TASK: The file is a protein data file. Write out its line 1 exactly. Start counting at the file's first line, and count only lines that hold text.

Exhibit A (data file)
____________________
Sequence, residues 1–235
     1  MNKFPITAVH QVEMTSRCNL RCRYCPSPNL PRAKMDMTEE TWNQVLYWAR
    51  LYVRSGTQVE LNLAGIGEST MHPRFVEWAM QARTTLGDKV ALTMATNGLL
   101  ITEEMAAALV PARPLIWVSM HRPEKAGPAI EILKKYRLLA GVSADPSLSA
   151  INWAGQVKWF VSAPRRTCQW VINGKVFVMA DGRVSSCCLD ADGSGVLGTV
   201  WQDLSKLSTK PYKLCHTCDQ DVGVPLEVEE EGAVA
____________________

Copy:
Sequence, residues 1–235